Perachora Excavation 1930-1939: Season 1930
Excavation: Research excavation
The Heraeum, which was an oracle-temple, gave its name to the pro- montory on which it stood. Its position has not yet been discovered with certainty, though a vast deposit of votives which inscriptions prove to have been dedicated to Hera was found. These seem to have been kept in a special building, a kind of Treasury, and not in the temple itself. By a small natural harbour some little distance from this building the remains of a temple, which goes back to the early fifth century, came to light. The principal finds were made in the votive deposit already mentioned. They include a vast quantity of Protocorinthian and Corinthian pottery, in which are many fine pieces decorated with animals. Imported pieces include Attic, Boeotian, Laconian, Parian and Rhodian sherds, and fragments of at least one bucchero vase which is certainly Etruscan and not East Greek. There are some ivory fibulae, circular seals, and couchant animals, which recall ivories found at the Sanctuary of Artemis Orthia. In addition there are a number of terracotta figurines, some engraved gems (geometric and archaic), a fine small ivory head of classical style, gold pins, sixty Egyptian scarabs and beads, and an interesting series of bronzes dating from the early seventh century to the fifth.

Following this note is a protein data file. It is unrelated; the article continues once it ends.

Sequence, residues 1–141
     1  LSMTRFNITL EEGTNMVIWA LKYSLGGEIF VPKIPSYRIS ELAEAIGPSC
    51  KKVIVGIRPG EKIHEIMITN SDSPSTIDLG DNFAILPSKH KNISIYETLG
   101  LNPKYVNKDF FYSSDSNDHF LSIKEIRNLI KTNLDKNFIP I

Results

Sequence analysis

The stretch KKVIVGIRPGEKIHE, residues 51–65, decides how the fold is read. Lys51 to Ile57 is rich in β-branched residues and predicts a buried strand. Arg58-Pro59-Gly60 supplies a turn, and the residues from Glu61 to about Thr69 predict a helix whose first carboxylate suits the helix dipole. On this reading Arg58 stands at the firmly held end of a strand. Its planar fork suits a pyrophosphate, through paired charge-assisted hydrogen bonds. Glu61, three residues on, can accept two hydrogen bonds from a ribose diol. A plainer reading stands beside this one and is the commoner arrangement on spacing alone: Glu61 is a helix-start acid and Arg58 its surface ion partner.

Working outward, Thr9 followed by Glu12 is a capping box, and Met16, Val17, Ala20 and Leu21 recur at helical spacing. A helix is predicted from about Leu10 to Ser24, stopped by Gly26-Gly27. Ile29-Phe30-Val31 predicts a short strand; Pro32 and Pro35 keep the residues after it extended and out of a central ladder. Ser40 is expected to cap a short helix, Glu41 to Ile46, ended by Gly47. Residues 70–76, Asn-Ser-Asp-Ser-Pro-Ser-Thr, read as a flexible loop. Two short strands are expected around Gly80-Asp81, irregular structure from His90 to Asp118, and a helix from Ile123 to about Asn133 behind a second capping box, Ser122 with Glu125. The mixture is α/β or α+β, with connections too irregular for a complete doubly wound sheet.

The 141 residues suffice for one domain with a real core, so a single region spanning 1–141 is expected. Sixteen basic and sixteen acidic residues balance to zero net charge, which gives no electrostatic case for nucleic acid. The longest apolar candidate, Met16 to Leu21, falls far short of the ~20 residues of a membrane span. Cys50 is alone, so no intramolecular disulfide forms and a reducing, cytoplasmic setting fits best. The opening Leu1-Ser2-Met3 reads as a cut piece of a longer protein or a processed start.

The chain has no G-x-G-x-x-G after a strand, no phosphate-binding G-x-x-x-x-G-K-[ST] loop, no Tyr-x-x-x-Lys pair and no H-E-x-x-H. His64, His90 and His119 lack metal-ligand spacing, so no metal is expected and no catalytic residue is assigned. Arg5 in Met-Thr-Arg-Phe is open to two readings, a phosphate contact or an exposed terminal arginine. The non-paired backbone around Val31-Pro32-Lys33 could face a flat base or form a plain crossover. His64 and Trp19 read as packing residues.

Active from 05 May 1930 to 15 Jun 1930.
[Journal] The Annual of the British School at Athens, no. 30 (1928/1929-1929/1930).